Segregation in America – What is It and Why Do We Continue to Allow It?

Segregation in America is the unequal allocation of resources, services, and opportunities based on race, gender, or ethnic lines in the U.S. In recent years, public attention has focused on the effects of racial discrimination in employment. Yet, when it comes to social welfare programs that serve the general public, racial bias continues to play a part. Segregation has resulted from the unequal distribution of governmental resources, like education and health care.

A case in point is segregation in poor minority neighborhoods. The U.S. Department of Housing and Urban Development (HUD) defines “low-income” as areas where the median income is less than fifty-five percent of the national median income level, which is about one hundred twenty thousand dollars for a family of four.

While poor minority neighborhoods may have a lot of money available for housing, they lack access to a wide variety of programs that are available to the majority of Americans. These programs range from subsidized housing to financial aid to local job training and education. HUD defines a “high-poverty” area as having thirty percent or more of its residents living below the poverty line. For children, a high-poverty neighborhood has about twenty percent of its children in a low-income household.

Segregation in poor minority neighborhoods means that people living in these neighborhoods have a significantly smaller access to these programs than other neighborhoods. The lack of opportunities, resources, and services leads to lower incomes, increased poverty rates, higher crime rates, and fewer social services. Because the majority of the population is experiencing a worsening economic situation, this situation continues to worsen.

This type of racial discrimination is especially troubling because many people living in these neighborhoods cannot afford to move out. They must stay put and suffer the effects of lower living standards and other social issues.

Another example of racial discrimination is segregation in health care. People living in low-income neighborhoods are twice as likely to be uninsured, which is linked to higher health care costs and an increased risk of hospitalization. A major contributor to this is the fact that many Americans who are uninsured do not have health insurance at all.

When it comes to schools, segregated poor neighborhoods are more likely to have low-performing schools. Children in poor communities often do not get the same educational opportunities offered by other families.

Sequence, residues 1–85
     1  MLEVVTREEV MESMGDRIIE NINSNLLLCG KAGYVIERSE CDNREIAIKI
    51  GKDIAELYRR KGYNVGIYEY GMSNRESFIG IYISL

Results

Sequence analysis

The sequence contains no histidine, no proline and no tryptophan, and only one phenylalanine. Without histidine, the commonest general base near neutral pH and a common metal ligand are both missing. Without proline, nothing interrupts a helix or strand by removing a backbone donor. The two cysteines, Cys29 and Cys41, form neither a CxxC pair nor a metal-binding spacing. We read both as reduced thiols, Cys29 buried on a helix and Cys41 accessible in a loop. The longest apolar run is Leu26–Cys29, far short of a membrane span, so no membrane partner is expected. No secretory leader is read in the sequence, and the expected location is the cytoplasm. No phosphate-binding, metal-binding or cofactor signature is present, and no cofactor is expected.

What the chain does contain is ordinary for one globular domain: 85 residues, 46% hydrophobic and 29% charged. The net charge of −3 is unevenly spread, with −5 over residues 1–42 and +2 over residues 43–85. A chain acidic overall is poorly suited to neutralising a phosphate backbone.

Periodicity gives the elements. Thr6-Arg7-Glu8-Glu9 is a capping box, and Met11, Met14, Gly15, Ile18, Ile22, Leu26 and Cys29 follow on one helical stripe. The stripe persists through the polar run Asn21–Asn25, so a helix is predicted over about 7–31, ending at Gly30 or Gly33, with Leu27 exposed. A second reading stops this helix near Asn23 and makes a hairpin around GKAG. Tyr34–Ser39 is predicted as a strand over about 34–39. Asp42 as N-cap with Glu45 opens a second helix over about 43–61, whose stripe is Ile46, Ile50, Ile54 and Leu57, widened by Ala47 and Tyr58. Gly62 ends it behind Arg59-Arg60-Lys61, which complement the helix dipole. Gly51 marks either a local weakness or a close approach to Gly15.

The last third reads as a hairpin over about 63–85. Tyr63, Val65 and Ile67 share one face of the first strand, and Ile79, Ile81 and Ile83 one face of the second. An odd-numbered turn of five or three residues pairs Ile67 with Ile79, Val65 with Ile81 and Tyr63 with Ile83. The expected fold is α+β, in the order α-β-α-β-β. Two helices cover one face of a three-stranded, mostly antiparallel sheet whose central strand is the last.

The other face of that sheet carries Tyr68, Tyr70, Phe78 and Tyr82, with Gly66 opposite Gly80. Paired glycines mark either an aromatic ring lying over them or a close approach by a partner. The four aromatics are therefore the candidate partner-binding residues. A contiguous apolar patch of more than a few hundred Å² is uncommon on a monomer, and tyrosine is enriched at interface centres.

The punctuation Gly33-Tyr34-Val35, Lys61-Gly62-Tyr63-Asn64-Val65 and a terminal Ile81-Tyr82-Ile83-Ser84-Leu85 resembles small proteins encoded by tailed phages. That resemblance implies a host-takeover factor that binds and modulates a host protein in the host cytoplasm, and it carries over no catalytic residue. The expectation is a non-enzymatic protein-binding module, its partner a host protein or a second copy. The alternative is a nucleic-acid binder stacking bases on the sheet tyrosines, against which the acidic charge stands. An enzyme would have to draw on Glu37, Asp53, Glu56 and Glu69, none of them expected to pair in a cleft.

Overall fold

The health care system has yet to fully recognize the problems of these neighborhoods and address them. Instead, many hospitals offer inadequate treatment. Poor neighborhoods are also found to be high in crime, which contributes to the need for additional criminal justice services.

Poor neighborhoods in the United States have long been segregated, but recent court decisions have opened the door for some relief. Many of these decisions have been motivated by the rising number of crimes committed by people of color, and the number of children growing up in these neighborhoods.

Federal Housing and Urban Development (HUD) officials are now implementing plans that will help improve the lives of people in poor neighborhoods. Many of these plans involve affordable housing and employment assistance, such as employment training and education programs.

In order to implement the programs of the Obama Administration, the Department of Housing and Urban Development had to work with Congress to pass an amendment to the Fair Housing Act. The amendment states that the department cannot discriminate in any way on the basis of race or gender when awarding funding for the purchase of a home or apartment.

Unfortunately, even if it does work to protect minorities in America, it can never completely eradicate segregation in America. There are still plenty of neighborhoods where certain residents will always have higher incomes and better access to resources than others.

However, it has worked well so far to improve many aspects of society and to bring America closer together. Hopefully, the next administration will continue to do as much as it can to make sure that everyone has equal access to programs and resources. After all, the future of the United States depends on it. To live in a healthy, cohesive, and prosperous nation, we must work together to ensure that all Americans can enjoy the same opportunities and fair treatment under the law.